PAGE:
Home Decoration for Older Adults

How to Make Your Home Feel Cozy Without Throw Rugs
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Caregiving homes need to be free of scatter rugs and other floor clutter that can cause a fall. How do you put safety first but also create a home that's cozy and inviting?

Stencil a rug onto the floor.

It's possible to stencil tile or wood floors. Stencils can be purchased at most craft stores. Use liquid acrylics or latex for tile and a stain on wood.

Stencils come in florals, scrolls, and geometric designs. Feeling creative? You could even stencil your favorite quote or create your own design freehand. For wood floors, sand the surface lightly first, and consider finishing with a thin coat of polyurethane to give it a protective sheen.

In just an hour or two you can have a permanent and safe rug design you'll enjoy -- and your visitors will be impressed.

Go wall-to-wall.

A pricier alternative is installing wall-to-wall carpeting. Ideally, don't limit the makeover to a single room, however. Carpeting is safest when it continues right into hallways and bedroom -- eliminating the shifts in surface that are likely to cause your loved one to trip.

Introduce greenery.

Bringing the outside in can be a free way to make the home feel warmer. You don't even need a cutting garden in your backyard -- try snipping greenery (such as palms, azalea, forsythia, or tree branches) and arranging them where your loved one can't miss them.

Don't stop at the dining room table. Place a few sprays in the bedroom or in the bathroom. Bonus: Plants and flowers in the home lower stress.

Use warm lighting.

We tend to think about lighting as something functional rather than mood-creating, but it's both. One fun, easy idea to add warm, soft light to a room is to wrap curtain rods with clear Christmas-style lights. Make sure you have table or floor lamps to illuminate corners, too. Your loved one's favorite chair should have an easy-to-turn-on lamp within immediate reach.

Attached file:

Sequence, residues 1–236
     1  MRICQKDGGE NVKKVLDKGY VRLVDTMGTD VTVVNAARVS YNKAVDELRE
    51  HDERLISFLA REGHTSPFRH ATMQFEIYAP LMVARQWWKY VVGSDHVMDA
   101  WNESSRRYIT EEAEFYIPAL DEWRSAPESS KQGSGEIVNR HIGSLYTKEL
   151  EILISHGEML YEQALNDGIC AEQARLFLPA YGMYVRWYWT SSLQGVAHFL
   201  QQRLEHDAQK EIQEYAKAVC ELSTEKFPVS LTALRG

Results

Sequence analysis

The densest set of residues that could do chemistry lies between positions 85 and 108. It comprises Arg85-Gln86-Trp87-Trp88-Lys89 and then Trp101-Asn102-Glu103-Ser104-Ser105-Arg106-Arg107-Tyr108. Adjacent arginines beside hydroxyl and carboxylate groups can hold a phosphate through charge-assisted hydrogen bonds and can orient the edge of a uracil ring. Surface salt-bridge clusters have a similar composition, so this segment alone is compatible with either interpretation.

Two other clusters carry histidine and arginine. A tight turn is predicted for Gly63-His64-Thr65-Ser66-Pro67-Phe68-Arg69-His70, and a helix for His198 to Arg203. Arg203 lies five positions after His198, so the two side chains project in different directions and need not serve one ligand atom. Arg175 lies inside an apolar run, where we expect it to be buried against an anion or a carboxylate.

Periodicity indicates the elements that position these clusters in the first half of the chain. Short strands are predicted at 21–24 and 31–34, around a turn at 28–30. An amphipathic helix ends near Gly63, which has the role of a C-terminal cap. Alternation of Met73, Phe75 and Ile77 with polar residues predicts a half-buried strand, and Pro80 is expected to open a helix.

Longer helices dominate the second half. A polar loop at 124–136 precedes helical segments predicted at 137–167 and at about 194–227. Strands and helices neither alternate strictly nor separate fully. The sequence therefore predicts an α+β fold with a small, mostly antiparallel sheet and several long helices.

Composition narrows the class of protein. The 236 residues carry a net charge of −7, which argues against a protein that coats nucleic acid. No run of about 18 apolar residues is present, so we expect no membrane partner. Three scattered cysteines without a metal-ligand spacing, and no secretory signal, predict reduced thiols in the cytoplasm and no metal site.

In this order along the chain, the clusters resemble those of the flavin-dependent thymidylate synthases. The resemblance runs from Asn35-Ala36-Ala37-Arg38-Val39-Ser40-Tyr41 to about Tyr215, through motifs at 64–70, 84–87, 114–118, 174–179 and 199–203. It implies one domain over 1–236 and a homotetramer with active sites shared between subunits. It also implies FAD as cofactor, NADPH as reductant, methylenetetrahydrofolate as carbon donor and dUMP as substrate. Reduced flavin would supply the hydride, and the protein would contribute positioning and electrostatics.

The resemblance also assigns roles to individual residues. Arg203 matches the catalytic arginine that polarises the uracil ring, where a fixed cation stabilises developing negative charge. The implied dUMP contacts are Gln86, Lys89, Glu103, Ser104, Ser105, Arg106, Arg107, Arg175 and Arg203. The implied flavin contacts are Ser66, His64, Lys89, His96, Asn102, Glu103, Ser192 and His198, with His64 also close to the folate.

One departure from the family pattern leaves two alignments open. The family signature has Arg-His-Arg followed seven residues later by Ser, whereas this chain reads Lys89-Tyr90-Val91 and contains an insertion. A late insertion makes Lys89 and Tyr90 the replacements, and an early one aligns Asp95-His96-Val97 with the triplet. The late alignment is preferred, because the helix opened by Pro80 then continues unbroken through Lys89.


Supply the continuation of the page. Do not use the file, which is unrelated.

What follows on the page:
about 6 years, said...

One must be careful with stenciling.. sudden changes in colors on floors are often percieved by those with memory difficulites as holes or something to fall into.

about 6 years, said...

Another option -- 3M makes a product called TEKK rug anchor system which has thin velcro-like pads which attach to the mats and the floor, although you could probably still accidentally slip your feet underneath one of the non-anchored parts, and if this is a concern, I would still consider thin and large surface-area carpets in well thought-out locations. Even some floors are not slip-proof, though.

about 6 years, said...

I like the idea about the Christmas style lights on the curtain rods. Since we can now buy LED lights that do not give off heat and last forever(nearly) this makes great sense to light up and cheer window alcoves all year round. They create just enough light so things are not so dark when other lights are off. Definitley will do this. Very Cheery idea. !!!! We have plants, Wall to Wall, kitchen & baths are bare floors, use nite lights in the hallways&bedrooms. I do have entry way mats for back and front door for scuffing feet and not slipping on a wet floor when entering. They are secured with tape so they don't move around, and they have sloped edges so less likely to cause any tripping. Sonia also has a means of holding onto something when coming through the doorway, stepping over any threshhold seems to cause an anxiety response, so we put in a hand hold area similar to what you use in a bathroom, lots less anxiety that way. She just grabs it and walks in, or walks out without feeling fearful.

about 6 years, said...

That is very interesting about the stenciling, but I am afraid it would not be an ejoying time for me...my partner is all with the measuring thing and we just are not agreeing...well not today anyway.